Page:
Keywords: Insurance markets, Risk adversity, Italian families
    Date: 2011
  4. By: Sofia, AmaralGarcia; Veronica, Grembi
    Abstract: Using data of Italian public healthcare providers over years 2001 through 2008, we evaluate the impact of two policies adopted by Italian Regions (i.e., States) to cope with increasing medical malpractice costs using a Difference-in-Difference specification. We assess the impact of the policies on premiums paid and legal expenditures. The first policy consisted in collecting information and monitoring both compensation requests and any legal action related to a medical malpractice claim against a public healthcare provider. The second policy is a switch from private to public insurance for damages up to 500,000 euros combined with a centralized-regional contracting out in the private insurance market for damages in excess of 500,000 euros. Both policies represent attempts to cope with multiple agency problems within the public sector. Our results show that the impact of central monitoring in malpractice claims trend can reduce up to 29% the premiums paid for the treated providers, while the effect is obviously stronger for public insurance (41%). We control for the effects of the latter also on the trend of legal expenditures as proxy for common pool behaviors which do not result from our data. Validity tests show that our results are not driven by a decreasing trend affecting the insurance expenditures of the analyzed units before the policies’ introduction.
    Keywords: Medical Errors; Medical Malpractice Premium; Legal Expenditures; Difference in Difference.
    JEL: K32 G22 I18
    Date: 2011–07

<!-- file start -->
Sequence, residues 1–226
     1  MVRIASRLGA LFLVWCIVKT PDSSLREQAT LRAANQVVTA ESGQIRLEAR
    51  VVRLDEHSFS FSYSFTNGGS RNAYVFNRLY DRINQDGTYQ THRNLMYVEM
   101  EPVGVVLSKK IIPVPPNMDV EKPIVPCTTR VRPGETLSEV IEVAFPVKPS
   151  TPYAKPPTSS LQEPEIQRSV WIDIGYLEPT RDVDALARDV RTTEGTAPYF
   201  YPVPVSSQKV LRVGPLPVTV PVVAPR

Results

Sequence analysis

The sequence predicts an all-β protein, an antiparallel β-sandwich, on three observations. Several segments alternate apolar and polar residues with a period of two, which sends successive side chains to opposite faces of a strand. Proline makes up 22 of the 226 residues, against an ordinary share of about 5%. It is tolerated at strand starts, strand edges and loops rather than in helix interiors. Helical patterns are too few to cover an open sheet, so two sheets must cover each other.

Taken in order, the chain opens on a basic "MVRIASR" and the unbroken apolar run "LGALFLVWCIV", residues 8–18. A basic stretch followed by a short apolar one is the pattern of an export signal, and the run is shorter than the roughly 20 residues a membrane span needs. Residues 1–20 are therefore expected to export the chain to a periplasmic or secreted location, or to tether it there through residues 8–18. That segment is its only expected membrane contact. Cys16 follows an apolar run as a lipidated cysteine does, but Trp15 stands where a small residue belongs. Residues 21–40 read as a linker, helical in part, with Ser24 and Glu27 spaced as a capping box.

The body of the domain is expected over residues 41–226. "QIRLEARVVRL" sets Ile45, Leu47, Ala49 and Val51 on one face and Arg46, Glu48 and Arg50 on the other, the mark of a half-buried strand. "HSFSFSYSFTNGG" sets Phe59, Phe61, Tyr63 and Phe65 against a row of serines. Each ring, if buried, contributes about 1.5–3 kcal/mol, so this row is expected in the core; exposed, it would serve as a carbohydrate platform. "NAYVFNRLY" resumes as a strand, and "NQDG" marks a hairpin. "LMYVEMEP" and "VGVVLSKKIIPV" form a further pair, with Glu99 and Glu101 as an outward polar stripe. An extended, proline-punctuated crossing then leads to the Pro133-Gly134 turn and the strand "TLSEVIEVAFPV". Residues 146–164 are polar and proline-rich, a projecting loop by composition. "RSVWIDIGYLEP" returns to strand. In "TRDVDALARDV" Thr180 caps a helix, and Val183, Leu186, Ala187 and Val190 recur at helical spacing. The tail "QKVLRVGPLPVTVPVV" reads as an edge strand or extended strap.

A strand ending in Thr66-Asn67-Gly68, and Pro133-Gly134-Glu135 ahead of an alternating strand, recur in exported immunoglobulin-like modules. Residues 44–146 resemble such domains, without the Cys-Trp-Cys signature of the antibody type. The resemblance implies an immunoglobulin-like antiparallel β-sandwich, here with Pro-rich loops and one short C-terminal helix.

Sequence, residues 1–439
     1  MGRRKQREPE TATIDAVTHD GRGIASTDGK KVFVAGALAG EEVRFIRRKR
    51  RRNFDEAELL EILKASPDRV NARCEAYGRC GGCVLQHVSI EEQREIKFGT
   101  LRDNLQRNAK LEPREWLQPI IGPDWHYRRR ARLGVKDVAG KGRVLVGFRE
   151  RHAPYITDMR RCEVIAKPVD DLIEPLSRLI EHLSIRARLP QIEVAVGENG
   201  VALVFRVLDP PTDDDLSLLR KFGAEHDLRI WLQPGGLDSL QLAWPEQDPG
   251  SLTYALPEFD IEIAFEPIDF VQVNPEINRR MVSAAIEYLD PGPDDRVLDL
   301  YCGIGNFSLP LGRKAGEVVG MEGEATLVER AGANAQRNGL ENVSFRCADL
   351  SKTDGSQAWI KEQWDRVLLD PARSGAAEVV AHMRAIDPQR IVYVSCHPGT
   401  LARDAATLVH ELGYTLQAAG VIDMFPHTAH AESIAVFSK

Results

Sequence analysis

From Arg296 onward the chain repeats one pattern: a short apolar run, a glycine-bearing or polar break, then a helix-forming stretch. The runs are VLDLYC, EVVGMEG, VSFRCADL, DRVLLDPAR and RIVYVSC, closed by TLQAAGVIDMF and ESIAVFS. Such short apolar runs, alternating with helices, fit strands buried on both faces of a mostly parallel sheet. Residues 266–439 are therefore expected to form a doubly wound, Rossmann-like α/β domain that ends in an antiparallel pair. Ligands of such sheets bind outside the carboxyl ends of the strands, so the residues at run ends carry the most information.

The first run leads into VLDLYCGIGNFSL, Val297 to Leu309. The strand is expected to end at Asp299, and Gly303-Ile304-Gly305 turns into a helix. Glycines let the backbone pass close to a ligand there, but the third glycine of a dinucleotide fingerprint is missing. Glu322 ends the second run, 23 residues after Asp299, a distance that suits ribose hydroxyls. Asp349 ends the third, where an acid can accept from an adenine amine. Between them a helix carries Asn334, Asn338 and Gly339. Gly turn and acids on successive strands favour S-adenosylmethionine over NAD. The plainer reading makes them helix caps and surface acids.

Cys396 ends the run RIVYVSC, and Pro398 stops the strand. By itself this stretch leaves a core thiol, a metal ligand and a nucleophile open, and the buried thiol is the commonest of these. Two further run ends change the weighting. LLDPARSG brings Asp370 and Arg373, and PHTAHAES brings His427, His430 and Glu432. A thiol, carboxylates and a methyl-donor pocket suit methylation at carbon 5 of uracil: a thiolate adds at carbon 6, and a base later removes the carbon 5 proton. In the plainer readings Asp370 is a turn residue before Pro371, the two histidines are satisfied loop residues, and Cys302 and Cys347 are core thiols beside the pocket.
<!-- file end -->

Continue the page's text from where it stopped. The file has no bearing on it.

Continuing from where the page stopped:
5. By: Cheung, Diana; Padieu, Ysaline
    Abstract: By reducing risk on income, health insurance may reduce household precautionary behaviours and boost consumption. This paper evaluates the impact of a subsidized public health insurance scheme designed for rural residents, the New Cooperative Medical Scheme (NCMS), on consumption and saving behaviours in rural China. To do so, we use socioeconomic and demographic data from the China Health and Nutrition Survey and implement OLS, IV and Propensity Score Matching. We find that NCMS helps lowering household savings by enhancing total consumption expenditures, in particular food consumption and bride expenses with OLS and IV estimations. However, when we implement a propensity score matching coupled with a difference-in-difference approach to control for time-invariant unobservables, these results no longer hold. Thus, the scheme does not have a disincentive effect on savings nor an incentive effect on consumption, suggesting that the implementation of the insurance is too recent in 2006 to be trusted by rural Chinese households, to reduce income risk and enable them to lower their precautionary savings. --
    Keywords: Rural China,New Cooperative Medical Scheme,Saving,Consumption Propensity Score Matching,Difference-in-Difference
    JEL: C21 D1 I18 O53
    Date: 2011